A Convo with Ofo Ezeugwu, Founder of Whose Your Landlord
If you live in a big city (or even if you don't), chances are you've dealt with unsavory living conditions at one time or the other. Whether dealing with leaks, repairs or unwelcome creatures; there's nothing worse than a neglectful landlord. Our friend Ofo Ezeugwu was a college student fed up with the dynamics of the rental market in Philly, and decided to found Whose Your Landlord to combat the slumlords of the world. The spelling is intentional — they "use the possessive form of the word 'who' because [they’re] giving renters ownership of their situation by putting housing in their hands." Through landlord reviews, community insights, neighborhood engagement and available listings; WYL helps renters have a smooth experience throughout their search and stay.
The WYL is currently raising a $250k seed round via SeedInvest, a new platform that makes it easy to invest in vetted startups, and we thought it was the perfect time to have a chat with Ofo about the future of renting.
What events led up to you starting Whose Your Landlord? Did you have any experience with start-ups beforehand?
In 2013, I was the VP of Temple University’s student body. As we were planning out items to go on our platform, I was thinking about many of the issues students had mentioned to us, in terms of what they faced on a day-to-day basis. At the time (and still today) North Philly was undergoing rapid gentrification and this was having adverse effects on several communities―the black community was being displaced and the students found themselves paying high prices for shabbily-prepped apartments that new landlords could charge by the room. I thought, ‘what if there was a way renters could review their landlords, that way, those behind them would know what to expect before signing a lease?”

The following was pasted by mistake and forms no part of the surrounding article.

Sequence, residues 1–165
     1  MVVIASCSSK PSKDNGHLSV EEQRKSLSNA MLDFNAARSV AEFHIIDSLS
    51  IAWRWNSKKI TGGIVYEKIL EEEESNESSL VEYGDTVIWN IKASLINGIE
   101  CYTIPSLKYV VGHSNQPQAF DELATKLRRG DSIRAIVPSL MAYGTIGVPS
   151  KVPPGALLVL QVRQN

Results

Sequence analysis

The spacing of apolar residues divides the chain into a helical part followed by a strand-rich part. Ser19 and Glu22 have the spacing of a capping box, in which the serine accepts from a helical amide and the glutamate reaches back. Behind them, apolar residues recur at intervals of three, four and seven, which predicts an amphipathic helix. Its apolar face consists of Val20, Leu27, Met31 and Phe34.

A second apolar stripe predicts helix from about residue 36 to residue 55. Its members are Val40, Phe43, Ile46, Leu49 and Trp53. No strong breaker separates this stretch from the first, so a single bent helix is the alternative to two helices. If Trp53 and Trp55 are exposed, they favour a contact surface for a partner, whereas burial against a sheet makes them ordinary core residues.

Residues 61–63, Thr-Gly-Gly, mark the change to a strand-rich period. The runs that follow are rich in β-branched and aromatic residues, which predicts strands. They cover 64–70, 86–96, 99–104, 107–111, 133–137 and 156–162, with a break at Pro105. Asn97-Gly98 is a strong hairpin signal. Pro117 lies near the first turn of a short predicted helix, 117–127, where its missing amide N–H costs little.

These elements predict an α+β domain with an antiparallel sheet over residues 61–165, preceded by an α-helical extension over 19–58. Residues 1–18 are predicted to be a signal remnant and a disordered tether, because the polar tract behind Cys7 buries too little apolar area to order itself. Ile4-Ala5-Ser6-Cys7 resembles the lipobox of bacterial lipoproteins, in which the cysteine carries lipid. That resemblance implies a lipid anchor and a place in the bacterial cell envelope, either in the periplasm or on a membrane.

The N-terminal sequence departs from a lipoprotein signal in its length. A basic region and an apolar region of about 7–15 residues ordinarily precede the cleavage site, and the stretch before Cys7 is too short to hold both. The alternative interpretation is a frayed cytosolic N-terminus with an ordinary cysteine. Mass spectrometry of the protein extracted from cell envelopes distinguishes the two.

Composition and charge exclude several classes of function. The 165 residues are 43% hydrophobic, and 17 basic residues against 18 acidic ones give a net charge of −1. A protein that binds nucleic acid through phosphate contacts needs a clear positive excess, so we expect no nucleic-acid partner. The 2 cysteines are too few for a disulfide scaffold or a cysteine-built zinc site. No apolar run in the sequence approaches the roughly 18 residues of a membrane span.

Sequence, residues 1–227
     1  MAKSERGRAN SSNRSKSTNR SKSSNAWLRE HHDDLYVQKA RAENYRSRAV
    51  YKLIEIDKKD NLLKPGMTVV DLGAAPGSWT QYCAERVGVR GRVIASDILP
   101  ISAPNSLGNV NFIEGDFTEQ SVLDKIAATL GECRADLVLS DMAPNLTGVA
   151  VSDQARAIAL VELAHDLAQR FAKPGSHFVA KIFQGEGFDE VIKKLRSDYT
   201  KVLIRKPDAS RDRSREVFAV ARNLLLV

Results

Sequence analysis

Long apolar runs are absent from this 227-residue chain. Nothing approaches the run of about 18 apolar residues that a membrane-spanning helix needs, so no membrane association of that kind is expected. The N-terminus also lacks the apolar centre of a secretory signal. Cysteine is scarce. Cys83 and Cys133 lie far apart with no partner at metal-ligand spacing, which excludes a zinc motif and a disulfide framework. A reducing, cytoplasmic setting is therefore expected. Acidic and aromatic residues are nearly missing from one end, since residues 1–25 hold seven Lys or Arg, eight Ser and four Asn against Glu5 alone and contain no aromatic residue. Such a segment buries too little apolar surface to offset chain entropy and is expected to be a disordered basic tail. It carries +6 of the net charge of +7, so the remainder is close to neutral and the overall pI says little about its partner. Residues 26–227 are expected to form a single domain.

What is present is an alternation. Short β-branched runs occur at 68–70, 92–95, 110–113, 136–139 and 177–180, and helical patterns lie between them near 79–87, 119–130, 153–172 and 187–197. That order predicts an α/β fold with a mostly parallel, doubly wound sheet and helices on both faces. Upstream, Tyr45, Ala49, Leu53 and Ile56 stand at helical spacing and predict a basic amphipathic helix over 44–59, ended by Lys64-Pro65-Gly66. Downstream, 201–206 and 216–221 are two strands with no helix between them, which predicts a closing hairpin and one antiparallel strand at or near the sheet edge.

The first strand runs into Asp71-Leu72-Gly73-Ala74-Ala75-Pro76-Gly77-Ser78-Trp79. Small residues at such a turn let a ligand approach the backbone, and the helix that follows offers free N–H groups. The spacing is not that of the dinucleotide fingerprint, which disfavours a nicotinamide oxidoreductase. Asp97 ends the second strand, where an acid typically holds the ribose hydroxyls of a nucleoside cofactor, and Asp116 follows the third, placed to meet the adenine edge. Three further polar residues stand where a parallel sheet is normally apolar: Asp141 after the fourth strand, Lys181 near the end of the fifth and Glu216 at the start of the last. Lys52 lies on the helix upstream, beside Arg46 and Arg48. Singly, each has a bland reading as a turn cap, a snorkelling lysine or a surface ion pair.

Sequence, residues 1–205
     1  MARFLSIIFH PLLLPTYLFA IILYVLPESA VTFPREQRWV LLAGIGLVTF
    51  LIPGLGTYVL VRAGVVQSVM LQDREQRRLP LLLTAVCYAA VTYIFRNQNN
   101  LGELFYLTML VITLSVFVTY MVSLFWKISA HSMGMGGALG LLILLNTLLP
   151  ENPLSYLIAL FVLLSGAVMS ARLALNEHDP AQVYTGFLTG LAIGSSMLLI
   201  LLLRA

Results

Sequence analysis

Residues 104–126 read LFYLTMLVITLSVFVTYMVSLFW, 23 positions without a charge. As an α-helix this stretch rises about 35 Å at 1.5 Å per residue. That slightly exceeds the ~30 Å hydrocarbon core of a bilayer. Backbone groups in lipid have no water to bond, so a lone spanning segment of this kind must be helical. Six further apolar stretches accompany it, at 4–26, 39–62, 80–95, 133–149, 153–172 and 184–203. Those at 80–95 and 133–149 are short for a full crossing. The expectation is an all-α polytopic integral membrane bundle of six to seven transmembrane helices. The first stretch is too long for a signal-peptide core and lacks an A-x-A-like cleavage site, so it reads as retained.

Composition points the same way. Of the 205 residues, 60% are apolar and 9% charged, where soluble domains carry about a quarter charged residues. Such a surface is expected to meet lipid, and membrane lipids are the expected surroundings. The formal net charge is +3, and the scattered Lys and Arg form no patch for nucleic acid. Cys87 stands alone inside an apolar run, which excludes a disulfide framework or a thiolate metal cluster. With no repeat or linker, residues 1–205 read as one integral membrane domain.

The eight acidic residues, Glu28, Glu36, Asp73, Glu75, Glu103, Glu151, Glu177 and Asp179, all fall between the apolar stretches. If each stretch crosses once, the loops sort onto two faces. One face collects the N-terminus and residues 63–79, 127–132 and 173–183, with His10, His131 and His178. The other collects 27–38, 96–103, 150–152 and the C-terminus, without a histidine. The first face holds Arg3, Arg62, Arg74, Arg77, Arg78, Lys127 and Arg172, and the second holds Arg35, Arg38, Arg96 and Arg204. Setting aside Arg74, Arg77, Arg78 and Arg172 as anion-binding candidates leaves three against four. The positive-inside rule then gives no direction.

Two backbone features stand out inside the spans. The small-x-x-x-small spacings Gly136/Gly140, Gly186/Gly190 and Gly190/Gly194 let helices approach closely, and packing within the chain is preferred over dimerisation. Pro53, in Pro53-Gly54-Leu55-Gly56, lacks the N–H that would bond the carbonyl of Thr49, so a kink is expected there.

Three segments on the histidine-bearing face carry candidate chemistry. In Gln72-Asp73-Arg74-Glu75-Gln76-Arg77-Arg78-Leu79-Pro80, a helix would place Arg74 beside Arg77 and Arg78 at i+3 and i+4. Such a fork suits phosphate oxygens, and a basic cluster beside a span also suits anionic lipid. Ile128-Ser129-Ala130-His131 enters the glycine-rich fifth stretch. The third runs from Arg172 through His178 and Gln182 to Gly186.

In terms of my prior startup experiences, Felix (one of my best friend for the last 17 years) and I co-founded Untapped, Inc. in 2011. It was a brand development firm working with artists and businesses on getting their message in front of the right people. We learned a bit about expectations, and we learned how it felt to come up short in important situations. For example, our graphic was once pulled from running during a comedian’s Netflix special live shoot at Irvine Auditorium. It was embarrassing but more of a lesson learned than something to hang our heads on. Untapped was doing fairly well, but when WYL came around, we knew it made more sense to focus on that and grow it.
Can you speak to the process of fundraising? How did you get others to believe in your vision?
Fundraising is an arduous process. I mean there are so many nuances to it; but, one thing I can say is that it comes down to momentum and finding that first investor. There’s a lot of trial and error. The process―which you’re told will take twice as long and cost twice as much as you plan for―in actuality, as a POC takes four times as long; is much, much harder and is more uncertain than our white male counterparts. There’s no secret, less than 1% of VC dollars goes to POC on an annual basis.
In order to land our first few investors, we had to show conviction as a team (put in the time). And, I’ll be real, our first large investor came because the son of the investor and I went to the same high school. If I didn’t acknowledge that, I’d be lying to the people reading that at home. Sure, we came correct. We wore suits. We pitched a hell of a business that had just closed a $20k check from a channel partner. BUT, we don’t even get in the room to pitch them if I don’t have that connection. This is how the world works. Your network is everything. We turned that first commitment into momentum that would lead to other investments. That said, the process was long, tough, and we haven’t finished it yet.